Edgar Allan Poe's "The Pit and the Pendulum" is famously cited for its ability to evoke a sense of dread within the reader. One of the few tales of Poe's that actually has a relatively "happy" ending, this story centers around a man who is sentenced to a torturous death during the Spanish Inquisition.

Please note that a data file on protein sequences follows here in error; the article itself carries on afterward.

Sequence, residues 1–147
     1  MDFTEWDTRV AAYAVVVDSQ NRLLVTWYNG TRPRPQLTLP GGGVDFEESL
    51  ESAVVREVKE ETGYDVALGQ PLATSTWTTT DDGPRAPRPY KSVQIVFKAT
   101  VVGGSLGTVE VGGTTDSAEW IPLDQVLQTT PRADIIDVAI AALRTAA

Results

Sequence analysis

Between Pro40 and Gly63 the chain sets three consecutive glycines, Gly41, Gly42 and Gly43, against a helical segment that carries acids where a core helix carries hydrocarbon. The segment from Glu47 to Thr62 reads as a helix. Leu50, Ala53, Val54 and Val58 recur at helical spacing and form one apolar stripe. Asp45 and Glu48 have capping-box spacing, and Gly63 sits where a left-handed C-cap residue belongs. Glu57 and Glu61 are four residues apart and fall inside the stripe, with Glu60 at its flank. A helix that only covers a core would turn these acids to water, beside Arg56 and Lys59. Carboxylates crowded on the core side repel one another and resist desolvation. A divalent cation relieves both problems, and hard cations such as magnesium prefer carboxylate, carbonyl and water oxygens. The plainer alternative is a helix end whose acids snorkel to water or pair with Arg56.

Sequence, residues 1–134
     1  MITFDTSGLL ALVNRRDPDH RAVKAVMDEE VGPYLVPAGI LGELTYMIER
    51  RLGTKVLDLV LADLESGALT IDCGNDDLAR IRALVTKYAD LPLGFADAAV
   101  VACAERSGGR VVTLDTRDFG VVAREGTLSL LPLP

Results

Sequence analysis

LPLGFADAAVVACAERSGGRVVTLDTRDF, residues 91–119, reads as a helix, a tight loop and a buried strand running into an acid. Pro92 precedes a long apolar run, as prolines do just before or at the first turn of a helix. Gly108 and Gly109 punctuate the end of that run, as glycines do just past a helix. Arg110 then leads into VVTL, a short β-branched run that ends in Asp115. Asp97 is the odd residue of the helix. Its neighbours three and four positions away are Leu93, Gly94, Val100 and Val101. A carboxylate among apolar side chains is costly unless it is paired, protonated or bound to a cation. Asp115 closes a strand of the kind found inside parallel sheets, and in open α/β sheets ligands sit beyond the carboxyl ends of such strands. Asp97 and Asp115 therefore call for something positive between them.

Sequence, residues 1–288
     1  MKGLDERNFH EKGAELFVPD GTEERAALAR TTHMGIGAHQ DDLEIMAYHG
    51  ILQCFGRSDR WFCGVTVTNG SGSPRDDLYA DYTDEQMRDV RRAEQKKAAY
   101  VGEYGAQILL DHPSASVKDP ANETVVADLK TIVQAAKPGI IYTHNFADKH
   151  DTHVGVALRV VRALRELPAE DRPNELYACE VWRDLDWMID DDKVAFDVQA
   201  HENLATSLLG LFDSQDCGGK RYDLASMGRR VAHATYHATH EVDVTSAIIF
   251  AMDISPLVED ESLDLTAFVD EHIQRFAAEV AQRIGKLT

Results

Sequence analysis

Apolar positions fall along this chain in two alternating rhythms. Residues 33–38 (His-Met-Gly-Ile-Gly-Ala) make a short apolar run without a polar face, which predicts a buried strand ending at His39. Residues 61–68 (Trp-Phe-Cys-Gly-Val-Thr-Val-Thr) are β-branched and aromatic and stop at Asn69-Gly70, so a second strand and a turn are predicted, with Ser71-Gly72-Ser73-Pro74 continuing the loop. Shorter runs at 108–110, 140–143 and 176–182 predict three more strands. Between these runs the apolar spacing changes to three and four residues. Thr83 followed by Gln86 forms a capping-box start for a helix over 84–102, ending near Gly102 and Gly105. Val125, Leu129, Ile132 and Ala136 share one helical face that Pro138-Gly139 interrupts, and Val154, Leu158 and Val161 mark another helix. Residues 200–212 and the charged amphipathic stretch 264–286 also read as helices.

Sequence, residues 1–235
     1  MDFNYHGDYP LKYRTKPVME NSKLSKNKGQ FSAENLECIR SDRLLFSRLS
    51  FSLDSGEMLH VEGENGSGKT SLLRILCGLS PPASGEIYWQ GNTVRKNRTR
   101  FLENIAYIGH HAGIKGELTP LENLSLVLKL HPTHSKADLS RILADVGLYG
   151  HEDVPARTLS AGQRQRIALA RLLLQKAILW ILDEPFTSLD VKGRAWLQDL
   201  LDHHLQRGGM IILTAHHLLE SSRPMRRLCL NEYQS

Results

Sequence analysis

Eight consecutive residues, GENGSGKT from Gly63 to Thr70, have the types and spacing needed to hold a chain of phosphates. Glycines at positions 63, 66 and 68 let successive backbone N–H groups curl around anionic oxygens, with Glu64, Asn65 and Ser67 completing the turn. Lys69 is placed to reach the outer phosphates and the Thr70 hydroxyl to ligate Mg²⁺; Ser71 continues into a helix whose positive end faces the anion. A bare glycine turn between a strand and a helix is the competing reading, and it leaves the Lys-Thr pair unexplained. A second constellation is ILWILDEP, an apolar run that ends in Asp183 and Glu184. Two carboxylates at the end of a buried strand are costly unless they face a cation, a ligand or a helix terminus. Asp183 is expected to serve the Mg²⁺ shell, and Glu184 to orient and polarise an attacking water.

At the beginning of the story, the narrator appears to be very delirious. He claims that he is "sick unto death with that long agony" and that his senses leave him as he is sentenced to die. This beginning is very impactful because it starts the story with immediate foreshadowing of the dark matter that is to come; the reader is immediately told of the conflict of the story. The narrator is sentenced to die, and that experience alone is enough to make any man mentally unstable. The narrator describes his state as "delirious horror" and cannot even hear the words that are spoken by the court that decides his fate. His state of panic foreshadows the desperation that he will possess later in the story when he is confronted with the torture chamber and the many efforts to destroy him.